OPPO Unveils the World’s First Under-screen Camera Phone
The company also announced MeshTalk technology which is a proprietary decentralized communication technology that enables the transmission of texts, voice messages and real-time voice calls between OPPO devices within a range of three kilometres without cellular networks, WiFi or Bluetooth
Chinese smartphone manufacturer OPPO on Wednesday unveiled the world’s first under-screen camera phone at the Mobile World Congress (MWC) 2019 event in Shanghai, China.
By integrating the front camera and the screen, under-screen display solution provides users with a complete view, an immersive screen and an integrated body.
The latest under-screen display solution features a customized camera module that captures more light; zoning control is employed on the screen, together with “highly-transparent” material that enhances transmittance of light through the screen, the company said in a statement.
“OPPO is committed to product and technology innovation that creates a more immersive and comprehensive experience for users,” said Qiao Jiadong, Product Manager at OPPO.
“USC and MeshTalk are part of OPPO’s vision for the future that we hope will promote the industry’s technological evolution from zero to one. We also view our technological innovation as a way to expand the imagination while opening up a wide range of application scenarios,” Jiadong added.
The company also announced MeshTalk technology which is a proprietary decentralized communication technology that enables the transmission of texts, voice messages and real-time voice calls between OPPO devices within a range of three kilometres without cellular networks, WiFi or Bluetooth. (IANS)
In a bid to rest the debate on what comes first — smartphone addiction or depression — a new study has found that young people who are hooked on to their smartphones may be at an increased risk of depression and loneliness.
A growing body of research has identified a link between smartphone dependency and symptoms of depression and loneliness.
However, it’s been unclear whether reliance on smartphones precedes those symptoms, or whether the reverse is true — that depressed or lonely people are more likely to become dependent on their phones.
In a study of 346 participants, ages 18-20, researcher Matthew Lapierre and his collaborators from University of Arizona found that smartphone dependency predicts higher reports of depressive symptoms and loneliness, rather than the other way around.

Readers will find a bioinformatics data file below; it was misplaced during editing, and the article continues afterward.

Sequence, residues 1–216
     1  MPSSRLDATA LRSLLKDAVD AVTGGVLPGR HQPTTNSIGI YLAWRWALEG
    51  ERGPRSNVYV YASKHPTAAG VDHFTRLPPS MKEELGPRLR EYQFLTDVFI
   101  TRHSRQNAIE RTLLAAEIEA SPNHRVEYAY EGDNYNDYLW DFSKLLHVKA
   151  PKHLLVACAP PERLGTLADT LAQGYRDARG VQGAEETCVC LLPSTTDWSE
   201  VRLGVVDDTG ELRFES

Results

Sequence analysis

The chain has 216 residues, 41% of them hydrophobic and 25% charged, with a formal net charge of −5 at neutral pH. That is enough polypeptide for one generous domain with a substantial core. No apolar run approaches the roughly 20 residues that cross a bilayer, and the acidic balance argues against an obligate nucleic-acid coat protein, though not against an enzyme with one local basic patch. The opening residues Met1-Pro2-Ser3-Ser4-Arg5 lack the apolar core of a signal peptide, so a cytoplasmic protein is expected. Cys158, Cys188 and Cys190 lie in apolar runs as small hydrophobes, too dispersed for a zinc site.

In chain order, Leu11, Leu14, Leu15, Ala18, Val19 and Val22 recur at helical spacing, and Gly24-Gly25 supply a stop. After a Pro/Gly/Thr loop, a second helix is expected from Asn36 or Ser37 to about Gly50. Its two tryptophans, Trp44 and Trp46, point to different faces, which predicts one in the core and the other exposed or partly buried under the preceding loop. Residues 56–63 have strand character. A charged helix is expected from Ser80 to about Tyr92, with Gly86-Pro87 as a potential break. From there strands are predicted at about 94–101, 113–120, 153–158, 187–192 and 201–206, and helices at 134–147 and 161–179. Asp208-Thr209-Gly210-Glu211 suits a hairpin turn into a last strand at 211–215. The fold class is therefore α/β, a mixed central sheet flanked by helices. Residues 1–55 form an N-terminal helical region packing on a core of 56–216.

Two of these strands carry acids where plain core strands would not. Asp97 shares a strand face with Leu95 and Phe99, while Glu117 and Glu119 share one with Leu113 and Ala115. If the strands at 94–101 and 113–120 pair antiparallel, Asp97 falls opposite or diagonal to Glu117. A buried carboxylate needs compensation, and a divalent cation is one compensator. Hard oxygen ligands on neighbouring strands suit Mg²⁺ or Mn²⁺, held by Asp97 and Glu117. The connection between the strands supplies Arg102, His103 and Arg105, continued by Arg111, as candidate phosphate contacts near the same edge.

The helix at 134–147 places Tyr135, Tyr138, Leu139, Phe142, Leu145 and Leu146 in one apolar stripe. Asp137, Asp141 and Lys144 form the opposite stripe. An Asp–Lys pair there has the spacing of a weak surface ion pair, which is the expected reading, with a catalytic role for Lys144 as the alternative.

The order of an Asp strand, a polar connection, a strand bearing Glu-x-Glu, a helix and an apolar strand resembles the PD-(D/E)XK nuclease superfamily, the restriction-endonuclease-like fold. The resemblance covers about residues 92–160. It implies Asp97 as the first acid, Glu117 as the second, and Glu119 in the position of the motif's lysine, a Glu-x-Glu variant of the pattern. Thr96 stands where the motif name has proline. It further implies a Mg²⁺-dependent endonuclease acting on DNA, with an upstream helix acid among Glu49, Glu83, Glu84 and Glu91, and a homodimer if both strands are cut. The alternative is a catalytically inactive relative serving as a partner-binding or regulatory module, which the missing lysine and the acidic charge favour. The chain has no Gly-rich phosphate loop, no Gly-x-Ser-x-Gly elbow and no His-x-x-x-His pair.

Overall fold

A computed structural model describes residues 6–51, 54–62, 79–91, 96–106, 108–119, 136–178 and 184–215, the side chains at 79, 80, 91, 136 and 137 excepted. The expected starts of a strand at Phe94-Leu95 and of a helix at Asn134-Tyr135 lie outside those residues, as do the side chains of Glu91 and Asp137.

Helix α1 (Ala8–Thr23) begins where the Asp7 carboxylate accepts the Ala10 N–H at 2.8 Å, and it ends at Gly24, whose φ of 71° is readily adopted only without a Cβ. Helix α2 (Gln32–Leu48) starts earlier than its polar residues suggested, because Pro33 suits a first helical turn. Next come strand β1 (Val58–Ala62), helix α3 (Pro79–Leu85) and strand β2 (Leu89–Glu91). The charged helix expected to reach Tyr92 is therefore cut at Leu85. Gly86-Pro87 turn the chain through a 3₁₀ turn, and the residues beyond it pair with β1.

“The main takeaway is that smartphone dependency directly predicts later depressive symptoms,” said Lapierre, assistant professor in the department of communication.
“There’s an issue where people are entirely too reliant on the device, in terms of feeling anxious if they don’t have it accessible, and they’re using it to the detriment of their day-to-day life.”
In the study, which will be published in the Journal of Adolescent Health, Lapierre and his co-authors focus on smartphone dependency rather than on general smartphone use, which can actually provide benefits.
Understanding the direction of the relationship between smartphone dependency and poor psychological outcomes is critical for knowing how best to address the problem, said Pengfei Zhao who co-authored the study.
“If depression and loneliness lead to smartphone dependency, we could reduce dependency by adjusting people’s mental health,” Zhao said.
“But if smartphone dependency (precedes depression and loneliness), which is what we found, we can reduce smartphone dependency to maintain or improve wellbeing.”
The researchers measured smartphone dependency by asking study participants to use a four-point scale to rate a series of statements, such as “I panic when I cannot use my smartphone.”
The study focused on older adolescents, a population researchers say is important because they largely grew up with smartphones and they are at an age and transitional stage in life where they are vulnerable to poor mental health outcomes, such as depression.
“It might be easier for late adolescents to become dependent on smartphones, and smartphones may have a bigger negative influence on them because they are already very vulnerable to depression or loneliness,” Zhao noted.
When people feel stressed, they should use other healthy approaches to cope, like talking to a close friend to get support or doing some exercises or meditation, the researchers suggested. (IANS)